Your Will is likely to be one of the most important documents you’ll ever write for yourself. All of your possessions, money, and property are all summed up and evaluated in one place, ready to be distributed to your loved ones. How can you make sure you’re doing it right and following all of the processes properly? Let’s run through some steps to help you write your will.
Contact a Probate Lawyer
Probate is a lengthy legal process by which your Will is proved and deemed accurate. It can be a trying time, as you will likely spend over a year sorting out paperwork and determining exactly who gets what, and how.
Probate Lawyers specialise in this process and can help you to get through it without any trouble. It’s a great idea to contact a Probate Lawyer and ask them to take a look at your will. Anything you can do now to make that process easier when you’re gone is worth doing.
Wills come along with a very lengthy and complex legal process, so there are professionals who have dedicated their careers to helping you navigate the minefield!
If you’re ever struggling whilst writing your will, you can turn to a professional Will Advisor for help! These advisors will offer one-to-one, confidential assistance and advice. They can be a massive help when deciding who gets what, and how you should phrase your will.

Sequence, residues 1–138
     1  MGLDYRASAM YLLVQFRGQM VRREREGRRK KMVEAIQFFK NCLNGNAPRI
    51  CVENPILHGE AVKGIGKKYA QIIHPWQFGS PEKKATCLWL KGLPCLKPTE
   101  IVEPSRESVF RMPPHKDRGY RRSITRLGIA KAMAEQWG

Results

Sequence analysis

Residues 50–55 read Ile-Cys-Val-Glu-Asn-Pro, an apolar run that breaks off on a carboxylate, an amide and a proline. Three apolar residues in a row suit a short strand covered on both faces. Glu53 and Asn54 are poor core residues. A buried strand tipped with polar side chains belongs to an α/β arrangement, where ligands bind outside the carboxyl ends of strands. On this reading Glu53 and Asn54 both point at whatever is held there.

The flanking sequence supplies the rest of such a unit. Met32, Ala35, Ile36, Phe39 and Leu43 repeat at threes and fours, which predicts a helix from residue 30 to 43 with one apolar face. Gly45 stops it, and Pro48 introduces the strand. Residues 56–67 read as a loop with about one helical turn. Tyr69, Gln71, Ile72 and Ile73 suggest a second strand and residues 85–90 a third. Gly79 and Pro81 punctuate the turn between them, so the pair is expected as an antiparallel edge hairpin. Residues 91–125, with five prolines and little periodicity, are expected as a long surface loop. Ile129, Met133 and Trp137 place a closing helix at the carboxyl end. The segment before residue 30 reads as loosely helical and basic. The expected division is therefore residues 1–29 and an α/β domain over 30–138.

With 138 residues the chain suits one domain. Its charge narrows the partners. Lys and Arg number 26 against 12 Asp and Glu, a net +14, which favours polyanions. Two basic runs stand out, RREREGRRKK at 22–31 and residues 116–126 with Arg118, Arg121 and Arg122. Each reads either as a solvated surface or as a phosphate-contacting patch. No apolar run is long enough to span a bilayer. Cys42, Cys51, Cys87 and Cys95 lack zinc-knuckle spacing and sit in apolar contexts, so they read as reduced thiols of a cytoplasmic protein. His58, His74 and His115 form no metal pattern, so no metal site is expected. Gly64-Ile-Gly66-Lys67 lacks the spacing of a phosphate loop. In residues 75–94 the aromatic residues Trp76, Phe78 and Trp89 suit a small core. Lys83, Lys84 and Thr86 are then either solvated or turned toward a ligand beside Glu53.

Get your Property Evaluated
Your home is probably the most expensive thing you own, therefore it’s probably going to be the most complex part of your Will. You should get your home evaluated by a trusted Real Estate Agent. This way, you can put an exact figure on your estate and not leave anything to chance.
The housing market changes all the time, so your valuation may be out of date by the time the probate process gets underway, but at least it’ll give your Will more legitimacy, and being accurate to the date of writing really is the best you can do.
Talk to your Family
Your family and loved ones are likely the main beneficiaries of your Will, so discuss the process with them. Some people like to keep their Will private, only to be read when the occasion arises, but talking about the aspects of your Will can be very useful.
Explaining why you made certain decisions, the exact things that you are leaving to everyone and why can save a lot of confusion down the line, and you’ll get the chance to clarify exactly what you want to happen in person.
Your Will is a very important legally binding document. It needs to be accurate, precise, and fair. Seeking legal guidance is strongly advised, as you don’t want anything to slip through the cracks, or any banks to take advantage of legal loopholes to counteract your Will. As long as you are precise and properly advised, your Will should fall into all the right hands, and give a lot of people some comfort after you’re gone.